Tusinski: Climate change is on Colorado’s doorstep; we don’t seem to care

Despite mounting evidence that Colorado’s climate is in its worst shape in over a millennium, our elected officials couldn’t seem to care less.

Climate+Column+%28Graphic+Illustration+by+Abby+Flitton+%7C+The+Collegian%29

Climate Column (Graphic Illustration by Abby Flitton | The Collegian)

Dylan Tusinski, Collegian Columnist

Editor’s Note: All opinion section content reflects the views of the individual author only and does not represent a stance taken by The Collegian or its editorial board.

In the summer of 2020, the skies above Fort Collins were filled with dark gray ash. The mountains to the west were illuminated by the orange glow of the massive Cameron Peak Fire, which scorched over 200,000 acres of land over the course of roughly four months, making it the biggest wildfire in Colorado’s history.

Ad

The Cameron Peak Fire was both one of a long series of increasingly destructive wildfires that occurred in the summer of 2020 and a harbinger of an unfortunate new reality: The climate crisis is no longer a far-off possibility we have time to prevent.

It was here, it was wreaking an unimaginable amount of havoc and our elected officials couldn’t be bothered to prevent future crises of similar scale.

2020 also brought the East Troublesome Fire, which threatened much of Grand Lake, Colorado, scorched hundreds of homes, forced tens of thousands to evacuate and burned just over 10% of Rocky Mountain National Park. In terms of sheer destruction and human impact, the East Troublesome Fire was among the worst in Colorado’s history — at least at the time.

“These recent wildfires have prompted a reckoning among Coloradans. Officials in the state have declared fire season is now year-round.”

Perhaps the most visible and recent example of the destructive nature of Colorado’s wildfires was the Marshall Fire in Superior, Louisville and unincorporated Boulder County. Despite only burning a relatively small 6,000 acres, the fire was Colorado’s most destructive in terms of homes being destroyed.

A few months later, a fire started at the National Center for Atmospheric Research. Despite its less destructive impact, the fire occurred in March, illustrating that wildfires can now happen outside of the standard wildfire season.

Colorado’s wildfires are often broken into epochs, meaning that there are different periods in state history that each include dozens of individual fires. According to analysis from the Colorado Sun, the year of 2020 alone could be considered its own wildfire epoch. The year saw the most wildfire damage in Colorado’s history, with the state’s three largest wildfires of all time occurring in 2020.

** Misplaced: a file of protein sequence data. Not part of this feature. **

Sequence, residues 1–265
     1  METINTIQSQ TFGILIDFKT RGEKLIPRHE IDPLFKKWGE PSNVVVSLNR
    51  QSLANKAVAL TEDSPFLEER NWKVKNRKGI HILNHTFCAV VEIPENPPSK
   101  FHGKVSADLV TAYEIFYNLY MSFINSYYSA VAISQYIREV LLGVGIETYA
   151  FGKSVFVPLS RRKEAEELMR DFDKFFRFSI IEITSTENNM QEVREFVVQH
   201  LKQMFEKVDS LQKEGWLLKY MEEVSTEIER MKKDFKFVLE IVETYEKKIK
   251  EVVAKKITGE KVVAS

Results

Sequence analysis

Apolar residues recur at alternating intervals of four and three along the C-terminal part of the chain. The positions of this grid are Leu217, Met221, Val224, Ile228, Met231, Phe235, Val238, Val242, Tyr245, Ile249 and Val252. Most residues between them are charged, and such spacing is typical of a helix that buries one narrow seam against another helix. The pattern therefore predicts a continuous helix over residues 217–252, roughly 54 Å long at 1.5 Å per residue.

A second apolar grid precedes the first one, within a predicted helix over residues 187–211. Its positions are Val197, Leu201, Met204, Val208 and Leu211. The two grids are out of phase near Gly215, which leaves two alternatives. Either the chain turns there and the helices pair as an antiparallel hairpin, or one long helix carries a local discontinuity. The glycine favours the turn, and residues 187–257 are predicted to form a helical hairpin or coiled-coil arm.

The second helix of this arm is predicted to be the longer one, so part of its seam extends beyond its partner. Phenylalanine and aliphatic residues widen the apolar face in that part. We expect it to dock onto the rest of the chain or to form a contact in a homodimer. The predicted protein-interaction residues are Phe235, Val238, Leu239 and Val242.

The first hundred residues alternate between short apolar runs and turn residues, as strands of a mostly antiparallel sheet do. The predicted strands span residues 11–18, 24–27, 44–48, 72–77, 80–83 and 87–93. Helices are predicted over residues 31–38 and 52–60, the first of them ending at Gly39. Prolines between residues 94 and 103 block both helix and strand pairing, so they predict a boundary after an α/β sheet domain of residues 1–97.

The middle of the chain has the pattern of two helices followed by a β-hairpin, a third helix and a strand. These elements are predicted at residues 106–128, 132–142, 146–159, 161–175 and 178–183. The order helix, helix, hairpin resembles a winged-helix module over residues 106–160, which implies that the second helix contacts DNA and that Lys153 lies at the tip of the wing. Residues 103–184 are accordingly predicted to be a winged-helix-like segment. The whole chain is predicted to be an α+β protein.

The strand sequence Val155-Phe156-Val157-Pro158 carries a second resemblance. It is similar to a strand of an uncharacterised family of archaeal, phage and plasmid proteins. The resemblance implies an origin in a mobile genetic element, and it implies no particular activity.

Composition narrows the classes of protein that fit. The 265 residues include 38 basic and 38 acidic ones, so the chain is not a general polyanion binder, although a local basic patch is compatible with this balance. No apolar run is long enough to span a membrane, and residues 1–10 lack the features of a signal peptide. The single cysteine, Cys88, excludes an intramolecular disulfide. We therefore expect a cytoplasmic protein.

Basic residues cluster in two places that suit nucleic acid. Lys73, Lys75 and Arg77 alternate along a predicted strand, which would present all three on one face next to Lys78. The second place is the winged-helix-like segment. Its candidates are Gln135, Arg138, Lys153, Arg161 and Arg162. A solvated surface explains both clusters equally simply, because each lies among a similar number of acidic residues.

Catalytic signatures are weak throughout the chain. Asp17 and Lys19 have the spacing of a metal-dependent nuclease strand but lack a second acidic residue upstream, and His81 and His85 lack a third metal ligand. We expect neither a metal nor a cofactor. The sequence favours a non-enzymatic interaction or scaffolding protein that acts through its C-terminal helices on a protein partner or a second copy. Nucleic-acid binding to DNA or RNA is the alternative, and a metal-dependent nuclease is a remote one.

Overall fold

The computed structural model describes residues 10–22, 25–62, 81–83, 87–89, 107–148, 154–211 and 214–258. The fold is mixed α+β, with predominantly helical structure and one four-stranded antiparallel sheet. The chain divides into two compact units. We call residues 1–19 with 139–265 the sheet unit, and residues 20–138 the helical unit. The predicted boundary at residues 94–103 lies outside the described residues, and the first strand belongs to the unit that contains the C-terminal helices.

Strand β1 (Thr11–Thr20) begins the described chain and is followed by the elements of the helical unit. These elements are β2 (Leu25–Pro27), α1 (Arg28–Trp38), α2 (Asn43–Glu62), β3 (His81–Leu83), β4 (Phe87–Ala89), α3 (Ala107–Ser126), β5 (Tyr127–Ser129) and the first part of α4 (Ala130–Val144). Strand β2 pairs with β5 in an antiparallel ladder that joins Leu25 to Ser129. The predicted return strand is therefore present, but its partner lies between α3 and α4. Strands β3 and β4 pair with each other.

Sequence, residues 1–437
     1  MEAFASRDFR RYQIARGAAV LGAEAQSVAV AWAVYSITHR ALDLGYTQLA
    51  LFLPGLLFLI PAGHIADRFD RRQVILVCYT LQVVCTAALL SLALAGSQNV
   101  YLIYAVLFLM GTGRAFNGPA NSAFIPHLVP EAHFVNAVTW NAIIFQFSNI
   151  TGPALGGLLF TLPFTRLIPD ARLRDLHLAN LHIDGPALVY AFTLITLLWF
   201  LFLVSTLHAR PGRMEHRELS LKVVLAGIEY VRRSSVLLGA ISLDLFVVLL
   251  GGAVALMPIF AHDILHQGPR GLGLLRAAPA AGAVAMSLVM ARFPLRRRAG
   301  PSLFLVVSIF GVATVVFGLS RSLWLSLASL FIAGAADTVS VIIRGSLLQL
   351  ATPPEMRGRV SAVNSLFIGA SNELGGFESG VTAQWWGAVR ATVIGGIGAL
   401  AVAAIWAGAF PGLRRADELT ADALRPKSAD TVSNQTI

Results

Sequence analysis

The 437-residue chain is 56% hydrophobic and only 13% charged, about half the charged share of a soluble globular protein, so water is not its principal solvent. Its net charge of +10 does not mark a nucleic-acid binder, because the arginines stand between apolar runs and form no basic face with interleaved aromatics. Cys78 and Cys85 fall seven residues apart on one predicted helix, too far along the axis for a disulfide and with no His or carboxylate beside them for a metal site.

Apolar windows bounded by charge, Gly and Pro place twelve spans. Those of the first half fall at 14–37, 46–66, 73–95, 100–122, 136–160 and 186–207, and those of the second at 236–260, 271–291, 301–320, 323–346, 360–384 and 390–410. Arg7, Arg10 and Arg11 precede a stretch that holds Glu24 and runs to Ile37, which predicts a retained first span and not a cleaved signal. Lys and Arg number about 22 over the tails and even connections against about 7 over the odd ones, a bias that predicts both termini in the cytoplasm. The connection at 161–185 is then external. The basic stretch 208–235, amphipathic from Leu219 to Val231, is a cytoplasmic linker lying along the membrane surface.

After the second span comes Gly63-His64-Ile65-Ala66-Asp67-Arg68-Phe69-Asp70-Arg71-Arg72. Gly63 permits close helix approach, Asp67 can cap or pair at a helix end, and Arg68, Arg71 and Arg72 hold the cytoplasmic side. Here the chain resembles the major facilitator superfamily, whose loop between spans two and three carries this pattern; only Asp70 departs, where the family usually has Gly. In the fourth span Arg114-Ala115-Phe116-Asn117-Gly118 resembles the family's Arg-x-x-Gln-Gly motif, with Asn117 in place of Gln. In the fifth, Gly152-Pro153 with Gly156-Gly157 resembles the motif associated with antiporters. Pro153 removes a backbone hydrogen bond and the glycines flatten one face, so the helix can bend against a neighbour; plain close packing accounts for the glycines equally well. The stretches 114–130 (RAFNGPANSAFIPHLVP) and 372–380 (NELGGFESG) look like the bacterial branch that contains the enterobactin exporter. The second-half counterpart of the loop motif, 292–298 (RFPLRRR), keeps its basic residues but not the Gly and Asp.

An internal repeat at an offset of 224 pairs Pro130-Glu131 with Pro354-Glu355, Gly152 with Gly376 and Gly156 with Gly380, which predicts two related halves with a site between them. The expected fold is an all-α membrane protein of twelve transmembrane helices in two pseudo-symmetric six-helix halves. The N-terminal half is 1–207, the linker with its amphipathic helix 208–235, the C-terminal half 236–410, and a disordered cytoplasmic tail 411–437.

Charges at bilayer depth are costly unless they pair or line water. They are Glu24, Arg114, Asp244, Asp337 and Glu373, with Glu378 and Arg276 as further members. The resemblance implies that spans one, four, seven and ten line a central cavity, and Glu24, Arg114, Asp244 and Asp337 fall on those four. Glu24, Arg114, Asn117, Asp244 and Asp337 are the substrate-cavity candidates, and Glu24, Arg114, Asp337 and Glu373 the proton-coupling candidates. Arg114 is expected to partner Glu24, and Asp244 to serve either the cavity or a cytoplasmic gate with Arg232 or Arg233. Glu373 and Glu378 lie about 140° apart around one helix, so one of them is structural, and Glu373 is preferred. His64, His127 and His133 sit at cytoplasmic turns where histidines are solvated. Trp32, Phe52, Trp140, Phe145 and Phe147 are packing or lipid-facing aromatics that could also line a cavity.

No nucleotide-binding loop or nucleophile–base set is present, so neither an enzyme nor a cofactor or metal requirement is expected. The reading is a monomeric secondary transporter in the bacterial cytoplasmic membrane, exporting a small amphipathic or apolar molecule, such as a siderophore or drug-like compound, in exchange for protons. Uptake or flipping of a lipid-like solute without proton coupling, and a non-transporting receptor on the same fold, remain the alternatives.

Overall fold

These recent wildfires have prompted a reckoning among Coloradans. Officials in the state have declared fire season is now year-round.

There’s a growing consensus that Colorado’s wildfires are being directly caused by climate change. Colorado — and much of the Western U.S. — has recently been embroiled in a “megadrought” that has dried soil, brought record-breaking heat and sunk rivers to some of their lowest recorded levels. The result: Colorado’s worst drought stretch in over 1,200 years.

Despite clear evidence that Colorado’s climate is in a historically bad state, our elected officials couldn’t seem to care less. Fracking, a practice known to contribute to the massive amounts of methane in our atmosphere, has seen a recent boom in Colorado. Oil producers in Colorado now hold nearly 3,000 approved drilling permits.

“There are two clear trends in Colorado: Climate change has arrived, and even our most ‘progressive’ politicians are only worsening the problem.”

The lack of care for the environment is a trend that is rampant in Colorado politics.

Ad

Oil and gas corporations are mounting a statewide astroturfing campaign to encourage voters to approve even more natural gas usage. State lawmakers have sidelined legislation that would’ve implemented greenhouse gas restrictions on large manufacturers until 2023.

Keep in mind that that’s just on the legislative side. Perhaps the biggest example of Colorado’s climate carelessness is Gov. Jared Polis, who is currently campaigning for reelection.

When he was first elected in 2019, Polis campaigned on a promise to move Colorado toward 100% sustainable energy use within 20 years. His actions since arriving in office have done almost nothing but contradict this hollow, green-washed campaign messaging.

Even before he was elected, Polis vowed his support for the harmful practice of fracking. After his election, Polis further caved to the interests of oil and gas companies and threatened to veto a bill aiming to curb greenhouse gas emissions.

Even more recently, Polis announced that he’s delaying his plan to cut emissions from commercial trucks, sparking outrage among environmentalists statewide.

The main points to take away from this are there are two clear trends in Colorado: Climate change has arrived, and even our most “progressive” politicians are only worsening the problem. Polis and most of our elected representatives are up for reelection this November, so please make sure you keep their climate policies in mind when you fill out your ballot.

Reach Dylan Tusinski at letters@collegian.com or on Twitter @unwashedtiedye.